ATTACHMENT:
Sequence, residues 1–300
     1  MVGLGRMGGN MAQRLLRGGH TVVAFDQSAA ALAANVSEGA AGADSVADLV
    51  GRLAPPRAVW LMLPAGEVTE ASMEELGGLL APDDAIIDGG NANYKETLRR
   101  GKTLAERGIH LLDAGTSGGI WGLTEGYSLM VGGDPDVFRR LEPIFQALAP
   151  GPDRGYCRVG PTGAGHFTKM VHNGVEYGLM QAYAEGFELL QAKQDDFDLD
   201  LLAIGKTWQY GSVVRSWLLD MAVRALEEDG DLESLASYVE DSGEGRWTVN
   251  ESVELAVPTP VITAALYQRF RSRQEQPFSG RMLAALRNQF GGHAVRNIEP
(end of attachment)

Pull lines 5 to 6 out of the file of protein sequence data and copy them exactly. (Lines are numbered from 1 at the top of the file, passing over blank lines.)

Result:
   151  GPDRGYCRVG PTGAGHFTKM VHNGVEYGLM QAYAEGFELL QAKQDDFDLD
   201  LLAIGKTWQY GSVVRSWLLD MAVRALEEDG DLESLASYVE DSGEGRWTVN